Definition

What is Gorham’s disease?

Gorham’s disease is a rare bone disorder characterized by bone loss (osteolysis), often associated abnormal blood vessel growth (angiomatous proliferation). Bone loss can occur in just one bone, or spread to soft tissue and adjacent bones.

How common is Gorham’s disease?

Gorham’s disease, also known as the Disappearing Bone Disease, is an extremely uncommon medical condition of the skeletal system. Please discuss with your doctor for further information.

Symptoms

What are the symptoms of Gorham’s disease?

Most cases of Gorham’s disease are discovered before the age of 40. Symptoms vary among affected people and depend on the area(s) of the body involved. The most commonly involved sites are the skull, jaw, shoulder, rib cage, and pelvis. The degree of complications ranges from mild to severe, or even life-threatening.

In some cases, affected people may rapidly develop pain and swelling in the affected area, or a fracture on the affected site. Others may experience a dull pain or ache, limitation of motion, or generalized weakness that builds over time. Some people don’t have any symptoms.

Complications from Gorham’s disease may occur when fluids build-up in the space between the membrane that surround each lung and line the chest cavity (pleural effusion). This can have serious consequences, including loss of protein, malnutrition, and respiratory distress and failure.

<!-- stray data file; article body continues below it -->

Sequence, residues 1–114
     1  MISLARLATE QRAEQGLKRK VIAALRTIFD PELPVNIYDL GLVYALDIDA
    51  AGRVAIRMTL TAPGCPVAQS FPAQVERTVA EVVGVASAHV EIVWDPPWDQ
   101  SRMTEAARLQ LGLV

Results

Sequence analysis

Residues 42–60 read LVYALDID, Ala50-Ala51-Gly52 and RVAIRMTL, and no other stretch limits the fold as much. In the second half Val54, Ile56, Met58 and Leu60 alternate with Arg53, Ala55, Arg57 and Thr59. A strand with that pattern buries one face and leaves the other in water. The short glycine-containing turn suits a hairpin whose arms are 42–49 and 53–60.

There may be some symptoms not listed above. If you have any concerns about a symptom, please consult your doctor.

When should I see my doctor?

If you or your loved one has any signs or symptoms listed above or you have any questions, please consult with your doctor. Everyone’s body acts differently. It is always best to discuss with your doctor what is best for your situation.

Causes

What causes Gorham’s disease?

As of now, etiology of Gorham’s disease is not known and is a matter of ongoing research. In the human body, bone mass and strength are maintained through process of destruction of bone and then replacement of the destructed bone with new bone. This change occurs at the cellular level and is an ongoing process throughout the life of an individual. There are cells called as osteoclasts which secrete enzymes which absorb old bones and allows another type of cells called osteoblasts to form new bone. There is always a perfect balance between the bone destructed and the bone formed. In Gorham’s disease or disappearing bone disease, this balance of bone destruction and bone formation gets disrupted for some unknown reason resulting in the bones being replaced by fibrosis.

Risk factors

What increases my risk for Gorham’s disease?

Please consult with your doctor for further information.

Diagnosis & treatment

The information provided is not a substitute for any medical advice. ALWAYS consult with your doctor for more information.

How is Gorham’s disease diagnosed?